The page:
Aleksandar Stankovski (1959- ), From the Cycle: Last Supper, 1990-1991
After all that culture, even Bob needed a double scoop of gelato:

Our next destination was the Memorial House of Mother Teresa, who was born in Skopje in 1916.
The house (really more of a museum than a house) was built in 2009 on the site of the church where Mother Teresa was baptized. While a wonderful way to honor an incredible woman, it is also an excellent tourism decision.
Brass plaques attached to the outside walls include some thought-provoking quotes:
However, I was frustrated by the ban on photos inside. I would like to have photos to better remember what we saw--pictures and artifacts that illustrate the course of her life, from childhood to death.  There are almost no pictures on the Internet to fill in those gaps, but I did find this one:
I confess, I took this picture of the chapel at the end of the tour. (Technically, I was standing outside, not inside.) I loved the leaded glass walls and the iconic picture of the extraordinary woman at the front of the room:

View of the chapel from outside:
Escher-esque art on the corner of the building:
A monument to Mother Teresa with a nice setting but an unfortunate background:
Another lovely statue with an equally ugly background:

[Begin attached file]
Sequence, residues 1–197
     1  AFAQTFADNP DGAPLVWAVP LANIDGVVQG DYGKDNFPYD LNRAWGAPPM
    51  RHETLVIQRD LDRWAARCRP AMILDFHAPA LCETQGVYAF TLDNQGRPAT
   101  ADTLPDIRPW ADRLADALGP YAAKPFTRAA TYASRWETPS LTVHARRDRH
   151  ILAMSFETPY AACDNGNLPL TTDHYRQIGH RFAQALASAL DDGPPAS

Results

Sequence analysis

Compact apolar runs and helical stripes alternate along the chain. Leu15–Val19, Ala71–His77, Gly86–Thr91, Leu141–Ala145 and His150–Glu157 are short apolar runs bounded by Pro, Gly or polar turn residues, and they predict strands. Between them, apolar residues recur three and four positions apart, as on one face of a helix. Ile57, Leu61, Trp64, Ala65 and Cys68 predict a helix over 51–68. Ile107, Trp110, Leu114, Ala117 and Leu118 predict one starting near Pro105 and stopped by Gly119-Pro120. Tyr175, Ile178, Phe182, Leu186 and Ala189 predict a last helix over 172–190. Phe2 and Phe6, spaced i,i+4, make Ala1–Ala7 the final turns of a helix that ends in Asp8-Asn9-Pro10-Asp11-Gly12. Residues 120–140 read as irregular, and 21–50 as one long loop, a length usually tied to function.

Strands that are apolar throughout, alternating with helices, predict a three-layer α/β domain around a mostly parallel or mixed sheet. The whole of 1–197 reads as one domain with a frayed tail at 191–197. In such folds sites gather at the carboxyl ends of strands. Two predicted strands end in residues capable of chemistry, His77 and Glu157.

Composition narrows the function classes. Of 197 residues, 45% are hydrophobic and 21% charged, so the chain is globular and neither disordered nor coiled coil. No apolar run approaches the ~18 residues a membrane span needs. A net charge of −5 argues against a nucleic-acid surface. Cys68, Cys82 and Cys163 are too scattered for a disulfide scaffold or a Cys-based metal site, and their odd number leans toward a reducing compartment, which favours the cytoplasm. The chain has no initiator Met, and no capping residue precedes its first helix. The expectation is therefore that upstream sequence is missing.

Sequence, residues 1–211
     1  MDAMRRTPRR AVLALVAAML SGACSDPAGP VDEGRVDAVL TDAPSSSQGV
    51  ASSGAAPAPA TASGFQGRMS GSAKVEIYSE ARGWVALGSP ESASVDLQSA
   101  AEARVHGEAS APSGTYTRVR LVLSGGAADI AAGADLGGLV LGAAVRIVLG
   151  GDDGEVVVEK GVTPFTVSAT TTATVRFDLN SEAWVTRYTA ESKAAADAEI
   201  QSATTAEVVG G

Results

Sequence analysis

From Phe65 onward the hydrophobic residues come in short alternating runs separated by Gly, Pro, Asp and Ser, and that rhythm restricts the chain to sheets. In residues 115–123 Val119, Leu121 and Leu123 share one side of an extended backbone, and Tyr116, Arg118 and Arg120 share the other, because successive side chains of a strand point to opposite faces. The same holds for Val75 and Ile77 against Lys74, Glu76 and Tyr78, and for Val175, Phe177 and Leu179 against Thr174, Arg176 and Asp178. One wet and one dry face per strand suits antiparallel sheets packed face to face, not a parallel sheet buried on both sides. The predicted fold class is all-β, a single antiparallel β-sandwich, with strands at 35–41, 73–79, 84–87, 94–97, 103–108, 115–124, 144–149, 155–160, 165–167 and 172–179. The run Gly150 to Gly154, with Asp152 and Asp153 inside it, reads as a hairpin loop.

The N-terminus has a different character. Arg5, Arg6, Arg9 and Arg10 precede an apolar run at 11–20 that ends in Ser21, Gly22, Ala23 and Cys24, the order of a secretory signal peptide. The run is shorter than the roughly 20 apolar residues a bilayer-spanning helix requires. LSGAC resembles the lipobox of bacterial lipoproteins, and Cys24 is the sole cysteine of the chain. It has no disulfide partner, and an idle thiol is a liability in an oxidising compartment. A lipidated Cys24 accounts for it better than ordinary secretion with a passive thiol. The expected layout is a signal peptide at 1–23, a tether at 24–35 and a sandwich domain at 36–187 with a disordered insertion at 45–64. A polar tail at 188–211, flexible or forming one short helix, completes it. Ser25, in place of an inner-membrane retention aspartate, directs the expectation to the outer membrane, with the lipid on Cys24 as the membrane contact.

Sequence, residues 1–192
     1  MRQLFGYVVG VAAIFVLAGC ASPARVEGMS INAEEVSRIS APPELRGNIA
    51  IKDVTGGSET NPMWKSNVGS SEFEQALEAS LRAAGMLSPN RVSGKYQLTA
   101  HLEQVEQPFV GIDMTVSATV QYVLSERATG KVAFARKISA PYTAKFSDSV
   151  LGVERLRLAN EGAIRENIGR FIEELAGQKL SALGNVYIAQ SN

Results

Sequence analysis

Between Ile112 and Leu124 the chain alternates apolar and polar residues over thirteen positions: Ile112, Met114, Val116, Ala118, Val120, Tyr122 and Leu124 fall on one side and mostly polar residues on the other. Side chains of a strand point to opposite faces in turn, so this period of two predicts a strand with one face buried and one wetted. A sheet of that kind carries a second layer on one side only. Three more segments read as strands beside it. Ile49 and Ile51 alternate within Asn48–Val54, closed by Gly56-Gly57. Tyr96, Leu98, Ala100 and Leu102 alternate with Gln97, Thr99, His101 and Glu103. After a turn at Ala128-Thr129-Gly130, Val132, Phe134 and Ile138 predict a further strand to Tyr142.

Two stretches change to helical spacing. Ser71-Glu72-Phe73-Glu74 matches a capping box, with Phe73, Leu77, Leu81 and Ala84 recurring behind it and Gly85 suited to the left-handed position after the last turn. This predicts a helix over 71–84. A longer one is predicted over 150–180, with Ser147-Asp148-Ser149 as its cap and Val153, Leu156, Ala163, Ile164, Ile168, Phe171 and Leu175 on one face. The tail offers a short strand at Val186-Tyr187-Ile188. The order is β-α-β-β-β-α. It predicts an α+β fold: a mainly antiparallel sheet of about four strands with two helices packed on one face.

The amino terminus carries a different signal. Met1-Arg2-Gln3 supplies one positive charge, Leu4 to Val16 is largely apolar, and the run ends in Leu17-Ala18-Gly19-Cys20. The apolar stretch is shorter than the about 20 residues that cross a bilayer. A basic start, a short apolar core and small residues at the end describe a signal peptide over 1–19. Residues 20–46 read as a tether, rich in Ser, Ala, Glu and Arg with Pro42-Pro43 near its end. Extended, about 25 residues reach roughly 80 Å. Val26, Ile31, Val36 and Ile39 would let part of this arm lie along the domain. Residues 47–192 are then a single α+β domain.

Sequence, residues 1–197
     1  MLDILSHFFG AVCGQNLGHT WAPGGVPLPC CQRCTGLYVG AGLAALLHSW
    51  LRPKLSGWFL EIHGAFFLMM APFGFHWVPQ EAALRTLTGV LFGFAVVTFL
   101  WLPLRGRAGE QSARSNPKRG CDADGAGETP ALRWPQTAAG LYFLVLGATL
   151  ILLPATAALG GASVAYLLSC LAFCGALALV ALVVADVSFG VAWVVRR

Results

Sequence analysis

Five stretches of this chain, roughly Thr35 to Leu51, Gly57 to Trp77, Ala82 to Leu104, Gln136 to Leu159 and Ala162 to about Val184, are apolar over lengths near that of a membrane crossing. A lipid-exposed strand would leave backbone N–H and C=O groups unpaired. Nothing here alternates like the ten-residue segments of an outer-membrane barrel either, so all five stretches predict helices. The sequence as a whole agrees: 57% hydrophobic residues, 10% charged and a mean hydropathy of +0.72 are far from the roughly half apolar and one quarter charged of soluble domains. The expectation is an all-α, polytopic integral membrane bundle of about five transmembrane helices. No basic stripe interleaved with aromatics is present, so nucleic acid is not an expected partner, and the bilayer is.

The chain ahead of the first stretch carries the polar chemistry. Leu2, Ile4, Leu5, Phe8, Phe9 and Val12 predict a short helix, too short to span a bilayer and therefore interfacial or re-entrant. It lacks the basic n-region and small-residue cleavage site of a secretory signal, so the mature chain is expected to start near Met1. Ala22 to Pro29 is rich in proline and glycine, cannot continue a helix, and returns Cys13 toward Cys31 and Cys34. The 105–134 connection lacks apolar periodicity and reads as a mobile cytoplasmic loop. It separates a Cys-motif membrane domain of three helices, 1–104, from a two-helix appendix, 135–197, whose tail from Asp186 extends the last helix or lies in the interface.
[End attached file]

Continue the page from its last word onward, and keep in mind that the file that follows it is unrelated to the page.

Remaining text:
That was the final site we visited in Skopje, but on our long walk back to our hotel, we stopped at a McDonald's that we had noticed earlier.   We were shocked to see that it was closed, and not just because it was after hours. It was closed down.
It is a rather unconventional look for McD's, don't you think?
I learned after coming home that all seven of the McD's in Macedonia had been shut down in mid-May over a licensing dispute.

I'd say that Macedonian officials have made a good decision.  At least they still have this restaurant,
ironically located on the ground floor of the Jean Jacques Rousseau French Language School.

During a quick stop to buy some bottled water in what was a good-sized neighborhood market, I noticed that eggs are sold by tens rather than by dozens. I've always wondered why we sell eggs, or anything else for that matter, by the dozen--it makes it that much harder to calculate price/unit. Depending on brand and variety, one of these cartons of ten eggs costs anywhere from $1.45 to $1.80 (which would be about $1.74 to $2.16/dozen). In a country where the average income is around $700/month, that is pretty pricey.  However, this was a shop in an upscale neighborhood. Eggs might be cheaper in other areas of the city/country.

Next: A Day in Kosovo

3 comments:

  1. Skopje had to be the biggest head scratcher of all the places we visited. So many weird contrasts. Nice post.

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  2. My favorite work of art is the double gelato, but I also like the minaret on the mosque and the windowed dome of the National Gallery of Macedonia.

    Actually, I think those ugly backgrounds are somewhat appropriate for Mother Teresa, as she was such an embracer of unfortunate people. I didn't know she was born here.

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  3. I think the Lottery Seller in the museum could be one of my students.

    Another title possibility:
    Yin Has Lost Its Yang

    Interesting city, but the highlight has to be the Mother Teresa chapel--beautiful!